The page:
Pricing builds on cash and reinvestment costs that all companies strive to recover, and is augmented by expected utilisation: low utilisation drives price down to rock-bottom cash cost, while high utilisation allows price to rise sharply above cash cost. This adjustment to price from utilisation takes into account not only the current supply-demand balance but also the expected supply-demand balance for all capacity that is mothballed, under expansion and ramping up. So the pricing formulation reflects an assumption that policy makers take a broad and well informed view of supply and demand in setting their prices.
Similarly, supply and demand expectations are used for investment decisions. Investment depends on the expected gap between supply and demand viewed across a time horizon representing the interval between financial approval and completion of capital projects.
Finally, and most significantly for the model's theory of industry cyclicality, the availability of financial capital influences the size and speed of new capacity orders. The more financial capital available the higher the rate of investment, and vice-versa.
In this behavioural theory, cyclicality arises from the unintended interaction of industry investment policy and the financial institutions that fund investment projects, rather than imperfect knowledge of capacity in development as assumed in many classic dynamic models of investment cycles (see for example Mass 1975 for a description of policy structures underlying macro-economic investment cycles).
Model Communication and Confidence Building
The model's dynamic behaviour has been examined and validated by a chemical industry expert. To aid validation a special model user interface was built using VenApp, the application builder of Vensim. This visual interface provides the industry expert with slide bars to adjust a wide range of industry structure parameters. The result is a valuable communication tool. The interface has allowed our industry expert (who was not himself an experienced modeller) to explore model structure and dynamics, and to test his hypotheses on the drivers of cyclicality. Our future intention is to adapt the model's interface to a variety of different chemical products. Users would then be able to test cyclicality scenarios for particular chemical products of their own choice.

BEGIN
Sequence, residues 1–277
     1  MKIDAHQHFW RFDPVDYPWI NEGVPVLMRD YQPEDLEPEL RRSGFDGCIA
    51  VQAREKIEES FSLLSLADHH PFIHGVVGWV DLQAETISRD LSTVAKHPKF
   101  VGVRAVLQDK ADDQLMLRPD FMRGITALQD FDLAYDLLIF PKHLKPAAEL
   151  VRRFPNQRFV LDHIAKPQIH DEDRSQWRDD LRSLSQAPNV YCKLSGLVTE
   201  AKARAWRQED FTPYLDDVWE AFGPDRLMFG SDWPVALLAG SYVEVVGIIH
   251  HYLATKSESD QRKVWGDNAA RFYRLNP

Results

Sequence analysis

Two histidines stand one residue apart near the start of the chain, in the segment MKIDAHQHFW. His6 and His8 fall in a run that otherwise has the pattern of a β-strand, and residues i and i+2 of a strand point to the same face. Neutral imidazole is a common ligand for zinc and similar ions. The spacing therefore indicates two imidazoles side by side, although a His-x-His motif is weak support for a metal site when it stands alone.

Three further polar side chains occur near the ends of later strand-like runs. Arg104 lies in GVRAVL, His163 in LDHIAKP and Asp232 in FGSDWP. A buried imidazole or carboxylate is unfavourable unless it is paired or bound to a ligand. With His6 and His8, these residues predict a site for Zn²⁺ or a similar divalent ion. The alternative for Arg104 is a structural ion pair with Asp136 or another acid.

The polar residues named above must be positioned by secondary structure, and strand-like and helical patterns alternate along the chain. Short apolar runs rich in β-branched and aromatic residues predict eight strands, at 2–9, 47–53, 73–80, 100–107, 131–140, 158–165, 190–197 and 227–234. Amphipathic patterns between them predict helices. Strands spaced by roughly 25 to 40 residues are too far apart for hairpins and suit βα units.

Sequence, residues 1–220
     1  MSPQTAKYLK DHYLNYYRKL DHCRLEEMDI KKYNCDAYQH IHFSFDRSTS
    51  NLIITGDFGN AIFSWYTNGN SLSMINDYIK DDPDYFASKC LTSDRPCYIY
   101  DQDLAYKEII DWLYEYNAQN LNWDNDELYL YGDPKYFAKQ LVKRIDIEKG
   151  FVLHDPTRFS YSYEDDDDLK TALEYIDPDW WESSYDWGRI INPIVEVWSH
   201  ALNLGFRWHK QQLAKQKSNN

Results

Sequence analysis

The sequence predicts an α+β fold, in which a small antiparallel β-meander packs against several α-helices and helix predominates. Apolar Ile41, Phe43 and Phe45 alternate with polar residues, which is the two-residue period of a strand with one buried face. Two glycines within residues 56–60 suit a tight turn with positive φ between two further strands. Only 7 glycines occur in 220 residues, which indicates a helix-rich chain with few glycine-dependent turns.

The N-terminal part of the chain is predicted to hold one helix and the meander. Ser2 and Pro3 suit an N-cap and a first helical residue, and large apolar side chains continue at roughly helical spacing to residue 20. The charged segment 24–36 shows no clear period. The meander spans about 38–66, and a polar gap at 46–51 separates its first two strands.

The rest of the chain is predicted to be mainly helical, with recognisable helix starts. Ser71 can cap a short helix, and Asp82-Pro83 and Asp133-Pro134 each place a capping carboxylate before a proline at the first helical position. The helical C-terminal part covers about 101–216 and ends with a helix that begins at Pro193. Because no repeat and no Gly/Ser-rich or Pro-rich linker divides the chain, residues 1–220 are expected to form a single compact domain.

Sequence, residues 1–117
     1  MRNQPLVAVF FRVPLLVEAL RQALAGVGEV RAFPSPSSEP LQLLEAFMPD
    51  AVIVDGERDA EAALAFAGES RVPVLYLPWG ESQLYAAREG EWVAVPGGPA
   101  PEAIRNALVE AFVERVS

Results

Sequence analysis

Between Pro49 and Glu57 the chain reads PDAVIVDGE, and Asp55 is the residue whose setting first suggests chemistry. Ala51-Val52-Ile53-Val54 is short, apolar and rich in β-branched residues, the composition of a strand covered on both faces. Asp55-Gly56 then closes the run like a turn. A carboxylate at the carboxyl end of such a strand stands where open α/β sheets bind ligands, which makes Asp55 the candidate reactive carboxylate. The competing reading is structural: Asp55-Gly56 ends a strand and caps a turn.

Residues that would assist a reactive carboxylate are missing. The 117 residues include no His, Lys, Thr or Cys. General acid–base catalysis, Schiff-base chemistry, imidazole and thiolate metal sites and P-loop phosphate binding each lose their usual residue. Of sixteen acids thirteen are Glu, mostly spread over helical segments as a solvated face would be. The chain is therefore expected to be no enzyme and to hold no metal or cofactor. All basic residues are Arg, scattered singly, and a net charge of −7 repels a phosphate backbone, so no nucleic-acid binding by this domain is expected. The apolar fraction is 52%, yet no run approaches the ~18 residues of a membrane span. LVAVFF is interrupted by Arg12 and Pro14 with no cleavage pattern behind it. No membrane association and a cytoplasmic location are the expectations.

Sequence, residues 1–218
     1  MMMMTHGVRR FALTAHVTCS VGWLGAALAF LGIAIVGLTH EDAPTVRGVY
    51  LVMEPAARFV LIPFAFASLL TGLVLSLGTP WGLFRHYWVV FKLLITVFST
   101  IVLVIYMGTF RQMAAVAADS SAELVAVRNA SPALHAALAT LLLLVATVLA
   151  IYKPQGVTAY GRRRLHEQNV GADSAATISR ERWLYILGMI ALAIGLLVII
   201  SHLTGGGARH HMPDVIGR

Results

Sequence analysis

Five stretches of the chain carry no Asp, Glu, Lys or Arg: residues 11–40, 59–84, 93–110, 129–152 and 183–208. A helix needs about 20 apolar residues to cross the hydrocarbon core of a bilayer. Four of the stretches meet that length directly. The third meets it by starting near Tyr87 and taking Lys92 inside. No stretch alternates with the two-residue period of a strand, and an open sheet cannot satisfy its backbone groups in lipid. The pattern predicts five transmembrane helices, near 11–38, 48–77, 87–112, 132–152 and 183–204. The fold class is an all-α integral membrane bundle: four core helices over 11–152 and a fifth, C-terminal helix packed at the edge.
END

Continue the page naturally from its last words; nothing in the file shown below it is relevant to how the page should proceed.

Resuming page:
In addition, a gaming interface has been developed for players competing against a multiple player industry.
The model replicates quite well observed industry behaviour when it is parameterised for a product whose behaviour is known and documented. Figures 3 to 6 depict model behaviour for our base case.
Overall, the model has verified our hypothesis that while industry "physics" may trigger cyclicality, it is the industry's investment, funding and pricing policies that sustain the cycle and damage industry profitability. These seemingly reasonable policies lead to feast-and-famine in financing that inadvertently exaggerates cyclicality. Further simulations reveal that individual players can achieve superior and above average returns by securing constant financing and by employing anti-cyclical investment policies. Such investment and funding policies continuously reinforce the industry's cost position and help them sustain returns above WACC.
|Figure 3: Price Evolution||Figure 4: Industry Capacity Utilisation|
|Figure 5: ROIC vs. WACC||Figure 6: Industry Cost Curve Over Time|
However if we assume that counter-cyclical financing is not an available option the question is what other levers can be used to improve industry performance. Some of the high leverage points seem to be the plant size for new investments (smaller plants create more value) as well as the plant design and construction times (faster construction creates more industry value).
The model is currently helping us understand how cyclicality and value are influenced by a number of other industry parameters like rates of demand growth, investment costs, rates of fixed and variable cost cutting, etc.
We believe that deeper understanding of chronic cyclicality lies in modelling different classes of players.
Our current research plan includes better understanding of the incentives and dominant policy logic (i.e. the objective functions) of different players. It will be interesting to see how changes in the balance of dominant logic (resulting say from changes in market share of major players) can alter the course of industry evolution and how existing players should encourage or discourage certain evolutionary paths.
An additional objective is to understand the leverage available to firms to mitigate industry cyclicality, by adjusting managerial incentives that shape investment. To explore this issue of leverage we are currently developing a "gaming" microworld that presents players with alternative incentive schemes. Such a microworld should allow us to discover experimentally how different incentive schemes can lead players to adopt local investment rules that improve long-run industry profitability.